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Friday
Jul012016

SEC Adopts New Resource Extractive Industries Rule

Just in time, on June 27th the SEC adopted new resource extractive industry rules. The agency faced a June 27 adoption deadline after Oxfam America Inc. sued to speed up the rulemaking and a federal judge in September ordered the SEC to create an expedited rule schedule.  (see here).

The rules require resource extraction issuers to disclose payments made to governments for the commercial development of oil, natural gas or minerals.  The rules are the second attempt by the SEC to fulfill the mandate of Section 1504 of the Dodd-Frank Wall Street Reform and Consumer Protection Act. That section directs the Commission to issue final rules that require each resource extraction issuer to include, in an annual report, information relating to any payment made by the resource extraction issuer, a subsidiary of the resource extraction issuer, or an entity under the control of the resource extraction issuer to a foreign government or the federal government for the purpose of the commercial development of oil, natural gas, or minerals. 

An earlier rule adopted pursuant to the section was adopted by the Commission on August 22, 2012, but was vacated by the U.S. District Court for the District of Columbia.  (see here and here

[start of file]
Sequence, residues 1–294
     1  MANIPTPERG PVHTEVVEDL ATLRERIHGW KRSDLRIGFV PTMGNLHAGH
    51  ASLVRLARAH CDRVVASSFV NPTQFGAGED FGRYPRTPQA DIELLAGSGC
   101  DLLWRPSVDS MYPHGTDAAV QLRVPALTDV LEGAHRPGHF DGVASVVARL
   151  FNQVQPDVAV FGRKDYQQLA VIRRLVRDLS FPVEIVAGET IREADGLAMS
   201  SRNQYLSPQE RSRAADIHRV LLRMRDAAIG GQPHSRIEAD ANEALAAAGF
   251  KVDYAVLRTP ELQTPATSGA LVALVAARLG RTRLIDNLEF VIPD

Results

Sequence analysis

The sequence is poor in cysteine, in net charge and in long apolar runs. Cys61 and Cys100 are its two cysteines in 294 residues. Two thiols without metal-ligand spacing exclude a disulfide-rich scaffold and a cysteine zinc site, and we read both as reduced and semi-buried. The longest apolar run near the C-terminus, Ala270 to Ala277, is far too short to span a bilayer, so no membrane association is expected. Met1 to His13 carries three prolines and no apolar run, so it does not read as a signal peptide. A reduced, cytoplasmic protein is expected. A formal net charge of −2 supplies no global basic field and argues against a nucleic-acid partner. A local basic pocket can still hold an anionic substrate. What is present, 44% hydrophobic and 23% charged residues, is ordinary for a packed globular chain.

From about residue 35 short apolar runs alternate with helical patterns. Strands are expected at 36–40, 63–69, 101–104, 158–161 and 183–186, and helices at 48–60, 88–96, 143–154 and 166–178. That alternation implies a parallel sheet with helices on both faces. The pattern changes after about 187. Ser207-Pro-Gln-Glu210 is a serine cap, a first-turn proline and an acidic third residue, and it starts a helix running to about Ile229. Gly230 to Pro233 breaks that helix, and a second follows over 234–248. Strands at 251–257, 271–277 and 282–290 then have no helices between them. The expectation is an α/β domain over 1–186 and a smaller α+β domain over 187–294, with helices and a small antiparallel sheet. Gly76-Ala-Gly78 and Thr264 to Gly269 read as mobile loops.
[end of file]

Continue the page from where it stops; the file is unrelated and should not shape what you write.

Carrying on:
The final rules require an issuer to disclose payments made to the U.S. federal government or a foreign government if the issuer engages in the commercial development of oil, natural gas, or minerals and is required to file annual reports with the Commission under the Securities Exchange Act.  The issuer must also disclose payments made by a subsidiary or entity controlled by the issuer. 

Under the final rules, resource extraction issuers must disclose payments that are:  made to further the commercial development of oil, natural gas, or minerals; “not de minimis”—defined as any payment, whether a single payment or a series of related payments, which equals or exceeds $100,000 during the same fiscal year; and within the types of payments specified in the rules.

The final rules include two exemptions to the reporting obligations.  One provides that a resource extraction issuer that has acquired a company not previously subject to the final rules will not be required to report payment information for the acquired company until the filing of a Form SD for the first fiscal year following the acquisition. Another exemption provides a one-year delay in reporting payments related to exploratory activities. The required disclosure will be filed publicly with the Commission annually on Form SD no later than 150 days after the end of its fiscal year. 

Perhaps the most interesting requirement of the new rules is that the required disclosure must be filed publicly with the Commission annually on Form SD no later than 150 days after the end of its fiscal year.    Given that the public filing requirement that caused the court to strike down the first attempt at the resource extractive industries rule we might have expected to see a different approach this time around.  Perhaps there has been some backstage negotiation over this point.  If not, it seems likely that another legal challenge will be brought.

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